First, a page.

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The old South African flag. (Archive)
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Last week two things moved me very deeply. First, Constitutional Court Justice Edwin Cameron retired. Cameron was and remains a legal giant who fought throughout his life for justice and human rights. What struck me among the many tributes paid to him was the emphasis on his gentle kindness, humanity and humility.
By coincidence on the same night I watched a film about the life of Bram Fischer. Fischer was of course one of the advocates who represented the accused in the Rivonia trial. After he, George Bizos and Joel Joffe succeeded in preventing the death penalty for Madiba and the other accused, Fischer was arrested, tried and sentenced to life imprisonment.
In jail he did not get the necessary cancer treatment, was denied the opportunity to attend his 23-year-old son Paul's funeral, and when he succumbed to cancer in 1975, the apartheid regime insisted that he be cremated and his ashes returned to the state. No one knows what happened to his remains.
Pieter du Toit: The old flag and the unbearable whiteness of being AfriForum
Everything I had ever read about Edwin Cameron suggests that in him South Africa has found another legal giant, whose humanity, gentleness, kindness and humility made him of similar stature to Fischer.
Second, last week was also the week that the Equality Court ruled that flying the old South African flag constitutes hate speech. While the majority of South Africans of all races agreed with the ruling, a handful of Afrikaners reacted negatively and a number of them posted images of the old flag either on Facebook or Twitter.
A lot has been written and said about this issue. The main argument is that flags, like statues, are symbols signalling certain societal values and messages. There can be no question that the old flag represented a South Africa of race-based oppression and ultimately, of the noxious ideology of apartheid. For the vast majority of South Africans, it was always a reminder of great pain, humiliation and insult.
The small group of people who oppose the judgment argue that banning the flag is against the principle of freedom of speech. What an extraordinary irony it is that this argument is now put forward in defence of the key symbol of a system under which there was no freedom of speech – but that is an aside.
Let's ignore for a moment the obvious answer, i.e. that all rights have limitations. The question that those who want to continue flying the old flag under the guise of freedom of expression must answer is, what exactly are they trying to say when hoisting it on their flagpoles?
For the sake of this article, I'm going to give them the benefit of the doubt and assume that they will not answer that they want apartheid back. (Ja, I know that is naïve, but I'm doing the Madiba and Tutu let's-assume-the-best-of-people-thing).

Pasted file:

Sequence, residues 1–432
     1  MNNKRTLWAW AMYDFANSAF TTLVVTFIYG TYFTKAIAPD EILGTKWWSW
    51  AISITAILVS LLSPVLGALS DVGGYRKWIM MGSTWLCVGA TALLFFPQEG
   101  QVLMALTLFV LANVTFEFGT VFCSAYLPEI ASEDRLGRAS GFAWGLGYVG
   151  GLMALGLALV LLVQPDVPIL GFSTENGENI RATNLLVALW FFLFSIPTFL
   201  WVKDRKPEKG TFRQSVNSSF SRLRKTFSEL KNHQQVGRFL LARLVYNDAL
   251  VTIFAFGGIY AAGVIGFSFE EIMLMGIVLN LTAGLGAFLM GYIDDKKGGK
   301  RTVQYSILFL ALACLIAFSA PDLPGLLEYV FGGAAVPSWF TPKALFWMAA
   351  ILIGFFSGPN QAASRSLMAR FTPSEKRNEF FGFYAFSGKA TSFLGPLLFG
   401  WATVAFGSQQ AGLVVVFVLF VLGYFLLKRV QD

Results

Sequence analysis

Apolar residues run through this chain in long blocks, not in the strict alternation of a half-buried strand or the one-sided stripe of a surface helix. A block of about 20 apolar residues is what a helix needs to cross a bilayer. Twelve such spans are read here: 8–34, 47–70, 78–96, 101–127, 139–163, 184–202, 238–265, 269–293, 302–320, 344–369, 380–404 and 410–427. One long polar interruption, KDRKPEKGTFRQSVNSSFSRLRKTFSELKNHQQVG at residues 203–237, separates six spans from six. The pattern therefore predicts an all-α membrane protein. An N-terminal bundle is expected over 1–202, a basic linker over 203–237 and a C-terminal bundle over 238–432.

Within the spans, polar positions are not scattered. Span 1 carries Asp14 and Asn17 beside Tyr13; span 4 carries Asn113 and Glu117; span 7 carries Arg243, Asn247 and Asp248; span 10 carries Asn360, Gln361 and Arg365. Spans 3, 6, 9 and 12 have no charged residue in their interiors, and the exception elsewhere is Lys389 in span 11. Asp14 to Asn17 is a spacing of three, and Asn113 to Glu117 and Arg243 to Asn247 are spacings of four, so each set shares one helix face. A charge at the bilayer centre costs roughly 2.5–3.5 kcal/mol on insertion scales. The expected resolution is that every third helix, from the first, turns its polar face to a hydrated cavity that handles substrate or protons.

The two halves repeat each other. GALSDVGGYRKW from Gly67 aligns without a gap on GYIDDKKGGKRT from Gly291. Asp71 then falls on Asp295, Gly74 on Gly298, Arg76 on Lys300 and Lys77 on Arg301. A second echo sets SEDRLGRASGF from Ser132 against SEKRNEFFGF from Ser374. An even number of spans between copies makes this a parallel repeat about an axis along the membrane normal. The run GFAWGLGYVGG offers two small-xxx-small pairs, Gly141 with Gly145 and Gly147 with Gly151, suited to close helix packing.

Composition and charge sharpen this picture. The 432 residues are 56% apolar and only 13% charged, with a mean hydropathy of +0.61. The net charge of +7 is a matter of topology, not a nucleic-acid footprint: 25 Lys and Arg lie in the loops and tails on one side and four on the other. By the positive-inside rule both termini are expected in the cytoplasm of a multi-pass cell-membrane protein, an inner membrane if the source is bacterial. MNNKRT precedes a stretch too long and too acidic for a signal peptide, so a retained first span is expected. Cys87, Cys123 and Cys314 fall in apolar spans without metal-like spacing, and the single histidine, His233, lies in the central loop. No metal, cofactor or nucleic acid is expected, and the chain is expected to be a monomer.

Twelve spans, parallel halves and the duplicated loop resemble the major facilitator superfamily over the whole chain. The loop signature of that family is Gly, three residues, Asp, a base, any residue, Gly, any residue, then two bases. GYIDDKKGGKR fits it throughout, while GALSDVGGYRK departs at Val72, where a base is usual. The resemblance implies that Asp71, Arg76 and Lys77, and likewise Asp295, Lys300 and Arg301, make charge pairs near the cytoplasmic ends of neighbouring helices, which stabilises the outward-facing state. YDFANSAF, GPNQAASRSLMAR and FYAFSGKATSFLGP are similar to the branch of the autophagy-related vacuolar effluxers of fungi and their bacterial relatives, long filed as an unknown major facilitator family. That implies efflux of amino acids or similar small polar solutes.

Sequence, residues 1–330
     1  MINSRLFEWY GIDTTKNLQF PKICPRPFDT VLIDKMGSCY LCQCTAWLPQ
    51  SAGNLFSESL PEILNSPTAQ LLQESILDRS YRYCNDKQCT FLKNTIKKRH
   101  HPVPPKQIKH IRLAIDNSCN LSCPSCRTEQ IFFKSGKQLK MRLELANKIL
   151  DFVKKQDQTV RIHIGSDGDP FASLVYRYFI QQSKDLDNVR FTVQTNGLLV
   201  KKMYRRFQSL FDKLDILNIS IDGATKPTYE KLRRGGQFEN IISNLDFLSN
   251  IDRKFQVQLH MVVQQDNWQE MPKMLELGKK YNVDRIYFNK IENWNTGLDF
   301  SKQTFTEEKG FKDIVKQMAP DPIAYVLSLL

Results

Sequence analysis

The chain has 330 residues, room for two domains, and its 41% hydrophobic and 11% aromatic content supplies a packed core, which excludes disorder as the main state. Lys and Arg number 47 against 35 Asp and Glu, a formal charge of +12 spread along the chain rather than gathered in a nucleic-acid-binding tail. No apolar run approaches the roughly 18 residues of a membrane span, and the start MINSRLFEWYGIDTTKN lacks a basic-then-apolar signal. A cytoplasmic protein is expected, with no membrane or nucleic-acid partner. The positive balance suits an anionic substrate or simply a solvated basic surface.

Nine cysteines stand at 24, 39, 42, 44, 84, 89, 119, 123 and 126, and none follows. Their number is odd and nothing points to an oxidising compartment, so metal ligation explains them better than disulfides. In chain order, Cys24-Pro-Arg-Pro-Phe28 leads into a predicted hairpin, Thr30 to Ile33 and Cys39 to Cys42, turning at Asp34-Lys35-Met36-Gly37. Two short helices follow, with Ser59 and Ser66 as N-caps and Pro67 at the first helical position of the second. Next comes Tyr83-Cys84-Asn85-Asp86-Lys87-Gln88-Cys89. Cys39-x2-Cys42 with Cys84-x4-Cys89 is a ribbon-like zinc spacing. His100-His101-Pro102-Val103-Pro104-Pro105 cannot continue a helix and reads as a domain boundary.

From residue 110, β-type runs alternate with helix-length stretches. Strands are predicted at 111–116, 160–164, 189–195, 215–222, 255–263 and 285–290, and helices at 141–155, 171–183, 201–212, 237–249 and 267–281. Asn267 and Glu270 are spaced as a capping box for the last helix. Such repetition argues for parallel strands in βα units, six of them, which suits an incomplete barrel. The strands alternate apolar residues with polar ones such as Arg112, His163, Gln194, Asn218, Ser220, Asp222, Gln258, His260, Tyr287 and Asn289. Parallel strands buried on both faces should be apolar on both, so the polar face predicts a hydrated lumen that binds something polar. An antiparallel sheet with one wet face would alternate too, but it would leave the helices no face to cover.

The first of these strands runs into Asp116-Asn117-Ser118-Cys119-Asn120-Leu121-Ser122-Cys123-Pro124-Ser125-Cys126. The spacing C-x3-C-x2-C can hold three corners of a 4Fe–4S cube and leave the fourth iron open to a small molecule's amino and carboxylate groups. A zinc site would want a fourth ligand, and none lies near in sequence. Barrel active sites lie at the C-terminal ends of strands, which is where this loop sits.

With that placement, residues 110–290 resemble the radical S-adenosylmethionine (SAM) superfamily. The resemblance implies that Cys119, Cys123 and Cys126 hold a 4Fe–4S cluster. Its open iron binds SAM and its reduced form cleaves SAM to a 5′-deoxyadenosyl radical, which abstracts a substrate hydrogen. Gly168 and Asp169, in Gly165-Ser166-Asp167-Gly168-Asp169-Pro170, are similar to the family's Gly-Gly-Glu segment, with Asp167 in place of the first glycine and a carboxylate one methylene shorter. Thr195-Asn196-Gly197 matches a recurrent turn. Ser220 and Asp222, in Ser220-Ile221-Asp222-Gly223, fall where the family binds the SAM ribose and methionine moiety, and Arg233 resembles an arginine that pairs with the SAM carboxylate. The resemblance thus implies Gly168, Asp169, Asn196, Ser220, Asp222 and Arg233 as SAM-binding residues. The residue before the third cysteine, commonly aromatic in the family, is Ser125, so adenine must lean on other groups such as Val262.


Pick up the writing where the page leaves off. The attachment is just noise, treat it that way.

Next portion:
However, any other possible answer – whether simply wanting to celebrate Afrikaner heritage, Verwoerdian republicanism, or perhaps wanting to remember the thousands of South Africans (white and black) who died under that Union flag in the fight against Hitler – pays homage to a time in history prior to 1994. Herein lies the problem – even for those who claim that it is not meant to offend.
Firstly, no matter how hard anyone tries to give an alternative interpretation to the old flag, nothing can wash away the indelible stain of institutionalised racism and black servitude upon which the "Union of South Africa" was built. Thus, for the vast majority of South Africans the eighty-odd years spent under the old flag are remembered most for its cruel caste system based on skin colour.
Secondly, exhibiting the flag sends the message that there remains a longing by some to go back to a time when whites ruled and oppressed the majority of people in this country and that they are not fully engaged in healing and re-building South Africa.
In our increasingly divided society and as the racial narratives are getting more and more destructive, flying the flag simply adds fuel to an already dangerously hot fire. It plays into the already widely held belief by Africans that white South Africans are not really interested in a future of true inclusivity and economic justice. It confirms the view that they want to preserve the privileges of the past, a past which was deeply painful and humiliating to the majority of people in this country.
What I fail to understand is why those who support the flying of the old flag don't get this. Is it perhaps that their lives remain so isolated from their fellow South Africans that they have no clue how dangerous their actions and attitudes are?
They and organisations such as AfriForum claim that they want to protect the rights of Afrikaners and other minorities. Yet, by their deeds and words they are threatening the peaceful co-existence of those minorities.
White South Africans must not remain silent when things like these happen. We have to speak out and make it clear to our fellow citizens that we understand the hurt and pain inflicted in the past which still continues to be present today. We have to make it clear that we do not agree with the actions of a very small number of people.
The vast majority of us will never be brave enough to walk in the footsteps of Edwin Cameron or Bram Fischer. However, we should all strive to have some of the gentle kindness, humanity and humility of these two exceptional men. Perhaps, out of respect for them and the post-1994 ideals of real unity, the first step can simply be to keep the old apartheid flag where it now belongs – out of public view where it can no longer cause offence.
- Melanie Verwoerd is a former ANC MP and South African Ambassador to Ireland.
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